When you first watched The Green Mile, you might have pondered upon the thought of possessing John Coffey’s special and unique gift. My only feelings were pity and empathy. I thought to myself, as a 10-year-old, “how does this man do what he does every day without wanting to top himself?”
In the age of heightened consciousness and ‘being woke,’ for extreme want of a better phrase, I suffer from what I can only describe as the John Coffey Effect. I coined the term last year when I realised that in the wake of being aware of the deaths of black men, women and children at the hands of police, feeling the pain and anguish of black people globally was having an effect on my own mental health.
In 2011, I attempted suicide for the second time in my life. In 2013, I experienced clarity and a better understanding of why I was going to go through with it. The first time I had attempted suicide, I was 14 with barely any understanding of how one went about killing one’s self apart from the methods seen on TV and in film. I hadn’t realised the propensity of what I had done and had forgotten about the ordeal until ten years later.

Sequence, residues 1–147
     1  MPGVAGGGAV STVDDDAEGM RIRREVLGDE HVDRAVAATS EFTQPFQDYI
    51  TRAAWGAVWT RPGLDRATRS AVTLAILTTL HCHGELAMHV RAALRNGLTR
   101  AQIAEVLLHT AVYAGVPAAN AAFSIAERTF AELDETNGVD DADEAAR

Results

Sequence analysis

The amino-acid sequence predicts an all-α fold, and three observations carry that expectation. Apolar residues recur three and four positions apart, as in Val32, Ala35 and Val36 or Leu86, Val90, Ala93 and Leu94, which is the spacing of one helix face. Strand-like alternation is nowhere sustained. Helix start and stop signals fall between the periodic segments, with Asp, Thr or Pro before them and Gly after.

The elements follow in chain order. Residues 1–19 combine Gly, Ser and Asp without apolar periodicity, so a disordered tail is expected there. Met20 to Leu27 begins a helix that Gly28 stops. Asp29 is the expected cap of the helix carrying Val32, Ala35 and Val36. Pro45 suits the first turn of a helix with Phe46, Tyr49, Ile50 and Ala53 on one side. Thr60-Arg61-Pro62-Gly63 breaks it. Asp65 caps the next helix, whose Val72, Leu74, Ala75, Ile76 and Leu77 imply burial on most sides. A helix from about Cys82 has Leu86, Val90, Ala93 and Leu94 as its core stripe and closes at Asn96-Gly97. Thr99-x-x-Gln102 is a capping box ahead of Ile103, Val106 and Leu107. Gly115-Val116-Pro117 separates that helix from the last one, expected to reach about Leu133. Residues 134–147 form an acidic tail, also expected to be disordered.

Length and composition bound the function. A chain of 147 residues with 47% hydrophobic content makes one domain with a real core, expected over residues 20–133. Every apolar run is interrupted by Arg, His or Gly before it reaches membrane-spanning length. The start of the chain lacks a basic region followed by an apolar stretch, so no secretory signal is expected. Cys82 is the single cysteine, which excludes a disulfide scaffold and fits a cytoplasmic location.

At the time, the prospect of counselling was beyond my reach for a number of reasons. Firstly, I wasn’t in a position where I felt comfortable letting people know. Second, a session costs money and to make considerable progress would cost even more. As a student, I couldn’t have afforded it. Also, how would a white therapist be able to relate to me? Much of my life’s experiences have occurred because of my race so unless my therapist was also black, there would already be a disconnect.
Over the past couple of years I’ve come to learn that my suicide attempts are at the tail end of a sequence of occurrences as a black man. Always questioning my identity led me to seeking one out in places someone with my frame of mind shouldn’t.